Bucknell University Professor of Sociology Carl Milofsky launched a new course this semester that combines classroom learning with internships at local health-related organizations, including nearby Geisinger Medical Center.
- Carolyn Martin Argust ’64
She might be 70, but Carolyn Martin Argust '64 can still power past 19-year-olds on hills.
- Greaves: 'Lewisburg Architecture Project' Oct. 4
Tom Greaves will discuss "The Lewisburg Architecture Project," Thursday, Oct. 4, at 4 p.m. in the Smith Library of the Vaughan Literature Building at Bucknell University.
- Fixing the blight
Student intern Harrison Mills, Class of ’14, is mapping blighted housing and social services in an effort to revitalize Sunbury, Pa.
- Borges-Mendez April 5: 'Community Appraisals'
Ramon Borges-Méndez will give the talk, "Community Appraisals and Characterization: People, Places, and Assets," Thursday, April 5, at 4 p.m. in Walls Lounge of the Elaine Langone Center at Bucknell University.
- Social scientist April 5: African-American roots tourism in Brazil
Social scientist Patricia de Santana Pinho will give the talk, "African-American Roots Tourism in Brazil: Encounters in Sameness, Difference and Inequality," Thursday, April 5, at 7 p.m. in the Forum of the Elaine Langone Center at Bucknell University.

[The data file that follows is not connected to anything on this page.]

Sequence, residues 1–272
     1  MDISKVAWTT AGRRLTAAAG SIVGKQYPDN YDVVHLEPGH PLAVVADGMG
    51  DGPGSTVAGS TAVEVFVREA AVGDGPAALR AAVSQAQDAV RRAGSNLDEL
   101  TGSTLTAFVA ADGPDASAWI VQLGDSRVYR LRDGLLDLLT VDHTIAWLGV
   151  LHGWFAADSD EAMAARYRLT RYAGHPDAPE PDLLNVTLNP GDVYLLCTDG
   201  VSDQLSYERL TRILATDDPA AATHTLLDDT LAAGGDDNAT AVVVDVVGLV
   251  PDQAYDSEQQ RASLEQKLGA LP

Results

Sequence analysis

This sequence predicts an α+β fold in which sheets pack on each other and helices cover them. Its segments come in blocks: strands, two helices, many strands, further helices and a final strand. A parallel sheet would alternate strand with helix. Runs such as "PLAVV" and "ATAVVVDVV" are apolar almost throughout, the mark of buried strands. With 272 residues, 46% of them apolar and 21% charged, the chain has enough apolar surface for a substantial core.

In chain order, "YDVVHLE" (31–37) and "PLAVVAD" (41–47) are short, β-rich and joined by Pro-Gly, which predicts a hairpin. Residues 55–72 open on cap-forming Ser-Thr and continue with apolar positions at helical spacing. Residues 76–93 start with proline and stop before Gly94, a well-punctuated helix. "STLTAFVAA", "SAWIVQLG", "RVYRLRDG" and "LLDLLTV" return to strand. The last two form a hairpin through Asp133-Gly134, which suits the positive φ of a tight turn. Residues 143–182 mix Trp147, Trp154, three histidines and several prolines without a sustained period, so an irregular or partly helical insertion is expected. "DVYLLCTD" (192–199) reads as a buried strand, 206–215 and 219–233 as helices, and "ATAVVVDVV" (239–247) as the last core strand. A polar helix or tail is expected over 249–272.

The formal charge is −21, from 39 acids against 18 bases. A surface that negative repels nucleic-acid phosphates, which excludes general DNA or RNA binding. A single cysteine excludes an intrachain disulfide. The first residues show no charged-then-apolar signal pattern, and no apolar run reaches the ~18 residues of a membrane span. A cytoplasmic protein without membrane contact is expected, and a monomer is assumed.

- Griot Institute talk March 21 explores Jefferson's ideas of egalitarianism
Anthropologist Eric Gable will give the talk, "Jefferson's Ardor: Sex, Race, and the Invention of Cultural Relativism," March 21 at 7 p.m. in the Forum of the Elaine Langone Center at Bucknell as part of the Griot Institute for Africana Studies' spring lecture series.
- Dines is Distinguished Visiting Lecturer March 6
Gail Dines will give the talk, "Sex, Identity and Intimacy in a Porn Culture," Tuesday, March 6, at 7 p.m. in the Forum of the Elaine Langone Center at Bucknell University.
- Anthropologist: African heritage in Mexico Nov. 7
Anthropologist Sagrario Cruz-Carretero will give the talk, "African Heritage in Mexico: Evidences of Distortion and Invisibility," Monday, Nov. 7, at 7 p.m. in the Forum of the Elaine Langone Center at Bucknell University.
- Bucknell to host River Symposium Oct. 14-15
Bucknell University will host the Susquehanna River Symposium, "River towns in the 21st century: Supporting local development in the Susquehanna Valley by recognizing regional community assets," Oct. 14 and 15 in the Forum of the Elaine Langone Center.
- 'Extreme Creativity' performative installation Oct. 1
The Samek Art Gallery, The Griot Institute and the Presidential Arts Initiative at Bucknell University will host the performative installation, "Extreme Creativity: An Experiential, Experimental Endeavor," on Saturday, Oct. 1, from 11 a.m. to 1 p.m. in the Gallery.
- Ask the Experts: Alexander Riley on the cultural narrative of 9/11
Alexander Riley, an associate professor of sociology, talks about the 10th anniversary of 9/11 and how our collective memory of the terrorist attacks has changed over time.
- New bloggers to chronicle journeys abroad this fall
Seven new study abroad bloggers will take flight this fall, sharing their off-campus learning adventures in words and pictures.
- Pop culture provides outlet for exploring violence
Associate Professor of Sociology Alexander Riley argues in a new book that gangsta rap, violent video games and other popular culture are an outlet for transgression rather than an impetus for violence.